I think a lot of my friends are still finding the time to play console and PC games on a more regular basis than me, and their preferences are now the opposite of mine. They have little interest in either the 3DS or the Vita, whereas I find myself gravitating toward them more and more.

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PlayStation Plus Could Turn the Vita’s Fortunes Around

As one of the early adopters of the PlayStation Vita, I’ve experienced a good amount of buyer’s remorse since picking it up in February. The Vita had a pretty great launch lineup, including Hot Shots Golf: World Invitational, Wipeout 2048, Uncharted: Golden Abyss, ModNation Racers: Road Trip and Super StarDust Delta. A few weeks later, MLB 12: The Show launched, which was the first game where you could share a season between the PS3 and Vita versions of the game, one of the highly touted features of the Vita leading up to its launch.

After the launch however, things pretty much dropped off cliff. After The Show in the beginning of March, there was pretty much nothing until the end of May, when Resistance: Burning Skies was released, and it wasn’t good. The next solid Vita release was Gravity Rush in June, and that was the last really good game until the amazing Sound Shapes came along in August. So far this Fall, Little Big Planet Vita is the only thing resembling a top-tier game that has come out for the console. Almost everything else released for the Vita since its launch has been a port, a remastered collection or a stripped down version of a console franchise.

For me, the biggest gripe I had about the Vita was the lack of PlayStation One support at launch. This was something that Sony has talked about over and over before launch, and we didn’t get the feature until late August, over six months after the North American launch.

Sales of the Vita have been unimpressive so far, and by refusing to cut the price of the Vita, Sony wasn’t doing anything to help themselves. Media outlets and many gamers have been talking about the Vita as if its already dead, and they may be right. But I think Sony finally understands just how bad of a position they are in with the Vita, because they have finally stepped up and provided one very compelling reason to own a Vita–PlayStation Plus.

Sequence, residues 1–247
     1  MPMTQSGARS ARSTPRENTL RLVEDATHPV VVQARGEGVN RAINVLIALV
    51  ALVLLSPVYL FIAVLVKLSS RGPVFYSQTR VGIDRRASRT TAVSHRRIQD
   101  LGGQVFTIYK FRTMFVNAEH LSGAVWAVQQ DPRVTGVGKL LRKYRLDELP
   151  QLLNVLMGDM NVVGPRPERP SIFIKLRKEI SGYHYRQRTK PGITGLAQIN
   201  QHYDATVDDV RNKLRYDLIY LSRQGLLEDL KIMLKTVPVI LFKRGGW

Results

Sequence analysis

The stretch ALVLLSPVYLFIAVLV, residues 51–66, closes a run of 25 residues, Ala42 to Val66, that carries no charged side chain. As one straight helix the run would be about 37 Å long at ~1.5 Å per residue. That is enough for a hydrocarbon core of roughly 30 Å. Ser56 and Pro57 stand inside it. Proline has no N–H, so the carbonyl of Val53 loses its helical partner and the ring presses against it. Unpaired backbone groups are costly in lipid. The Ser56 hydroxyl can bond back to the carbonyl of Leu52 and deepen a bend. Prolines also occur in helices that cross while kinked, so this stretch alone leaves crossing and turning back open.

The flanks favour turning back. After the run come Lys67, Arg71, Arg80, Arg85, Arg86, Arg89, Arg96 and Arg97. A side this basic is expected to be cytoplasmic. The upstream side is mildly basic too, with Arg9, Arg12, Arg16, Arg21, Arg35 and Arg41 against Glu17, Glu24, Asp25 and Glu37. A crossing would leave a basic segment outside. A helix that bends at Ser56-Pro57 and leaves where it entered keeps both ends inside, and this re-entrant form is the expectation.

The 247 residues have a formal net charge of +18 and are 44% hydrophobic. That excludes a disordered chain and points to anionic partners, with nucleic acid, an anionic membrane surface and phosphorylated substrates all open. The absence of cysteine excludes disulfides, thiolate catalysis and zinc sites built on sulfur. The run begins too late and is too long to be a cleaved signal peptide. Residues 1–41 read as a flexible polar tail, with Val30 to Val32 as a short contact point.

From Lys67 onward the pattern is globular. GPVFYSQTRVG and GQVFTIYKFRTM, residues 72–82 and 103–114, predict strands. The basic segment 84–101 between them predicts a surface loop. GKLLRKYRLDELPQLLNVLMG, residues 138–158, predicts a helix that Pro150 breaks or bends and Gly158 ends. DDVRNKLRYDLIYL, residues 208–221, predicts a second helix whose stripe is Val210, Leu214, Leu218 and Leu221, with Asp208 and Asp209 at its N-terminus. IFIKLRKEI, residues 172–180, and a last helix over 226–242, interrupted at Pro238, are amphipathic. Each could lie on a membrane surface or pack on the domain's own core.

I’ve raved about how great PlayStation Plus has become over the past year and a half. On the PS3, it’s essentially become a Netflix for games, as each month subscribers are getting access to great games for free. In the past several months I’ve downloaded InFamous 2, Just Cause 2, Assassin’s Creed 2, Ratchet & Clank: All 4 OneSaints Row 2, Resident Evil 5 and a bunch of PSN games. There are also tons of discounts on newer games–this month is Portal 2 for $13.99, for example. Bottom line is, for $50 a year, I’m getting a huge amount of value out of the service, and now it’s coming to Vita.

On November 19th, the PS Plus service will be available on the Vita, and six games will be available at launch–Uncharted: Golden Abyss, Wipeout 2048, Gravity Rush, Jet Set Radio, Mutant Blobs Attack and the PSP game Final Fantasy Tactics: The War of the Lions. That’s an amazing group of games. And since I’m already a PS Plus subscriber on PS3, that subscription transfers over to my Vita as well.

PlayStation Plus reinvigorated the PS3 when Sony started giving away free games through the service. A couple weeks ago, Sony reported that the past two quarters have been the most profitable in the six-year history of the PlayStation Network. Sony has fine tuned the PS Plus Service on the PS3, and now the Vita will benefit from what they’ve learned.

So let’s say you go out and buy the PS Vita Assassin’s Creed: Liberation bundle. For $250, you get the new white PS Vita , AC: Liberation (a $40 game) and a 4GB memory card. If you grab a 3-month PS Plus membership for $18, you get immediate access to $150 worth of other games that will provide you with months of gaming. Not a bad deal.

I’ve no doubt that this move could turn around the fortunes of the Vita, but it all depends on how well Sony does in getting the word out about it. I’d like to see a holiday bundle that comes with a year subscription to PS Plus and a decent size memory card (at least 8GB). There are rumors of $200 Black Friday bundles featuring some of the current big titles, so that’s a step in the right direction for the short-term. Of course, Sony will need to keep the games coming each month to PS Plus on Vita, as they have with the PS3 service.

It’s about to be a great time to be a Vita owner. Kind of makes me wish I’d waited to get mine.